Commentary & Opinion
Health Insurance Companies Should Reimburse Emergency Departments That Provide HIV Tests, Opinion Piece Says
September 24, 2007
Health insurance companies should reimburse emergency departments that provide HIV tests so that the tests become a routine part of medical care as recommended by CDC, Jeremy Brown, research director at George Washington University Medical Center's Department of Emergency Medicine, writes in a New York Times opinion piece (Brown, New York Times, 9/22).
Because of a lack of funding, almost no hospitals offer routine HIV testing in EDs, Brown writes. According to Brown, insurers typically reimburse ED care based on the final diagnosis. For example, if a patient had a sprained ankle, the insurer will cover a fixed amount, but that amount typically does not cover unrelated services, such as an HIV test.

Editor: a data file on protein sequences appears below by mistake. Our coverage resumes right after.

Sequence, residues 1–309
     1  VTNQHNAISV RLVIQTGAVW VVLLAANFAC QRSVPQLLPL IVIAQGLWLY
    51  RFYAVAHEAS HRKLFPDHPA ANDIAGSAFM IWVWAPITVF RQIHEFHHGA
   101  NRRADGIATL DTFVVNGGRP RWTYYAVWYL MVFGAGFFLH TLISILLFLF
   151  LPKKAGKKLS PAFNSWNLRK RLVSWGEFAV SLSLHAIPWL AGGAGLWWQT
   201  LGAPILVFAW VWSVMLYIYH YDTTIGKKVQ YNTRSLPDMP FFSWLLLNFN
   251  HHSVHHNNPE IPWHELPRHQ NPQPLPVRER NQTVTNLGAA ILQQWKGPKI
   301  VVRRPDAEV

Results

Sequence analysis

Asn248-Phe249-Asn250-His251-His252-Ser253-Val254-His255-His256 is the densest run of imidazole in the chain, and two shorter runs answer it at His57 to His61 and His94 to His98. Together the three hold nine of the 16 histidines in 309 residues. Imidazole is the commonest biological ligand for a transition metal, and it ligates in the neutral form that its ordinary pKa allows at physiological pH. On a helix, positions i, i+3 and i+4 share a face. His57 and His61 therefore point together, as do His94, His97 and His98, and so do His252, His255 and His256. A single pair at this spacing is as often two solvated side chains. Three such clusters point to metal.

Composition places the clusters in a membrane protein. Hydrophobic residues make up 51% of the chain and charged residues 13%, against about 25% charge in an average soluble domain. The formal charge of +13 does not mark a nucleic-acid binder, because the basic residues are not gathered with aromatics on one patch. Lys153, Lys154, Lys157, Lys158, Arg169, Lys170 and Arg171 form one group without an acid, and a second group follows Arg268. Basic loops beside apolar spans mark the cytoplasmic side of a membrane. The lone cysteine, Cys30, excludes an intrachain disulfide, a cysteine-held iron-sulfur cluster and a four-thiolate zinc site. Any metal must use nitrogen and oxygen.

Brown says, "If health insurers reimbursed emergency rooms a mere $40 in addition to the usual medical charges for every patient tested, HIV screening programs ... would be self-sufficient." He concludes, "Unless we compel insurance companies to pay for these simple, proven, relatively inexpensive tests, ... [CDC's] major public health initiative will amount to nothing" (New York Times, 9/22).
This article was provided by Henry J. Kaiser Family Foundation. It is a part of the publication Kaiser Daily HIV/AIDS Report. Visit the Kaiser Family Foundation's website to find out more about their activities, publications and services.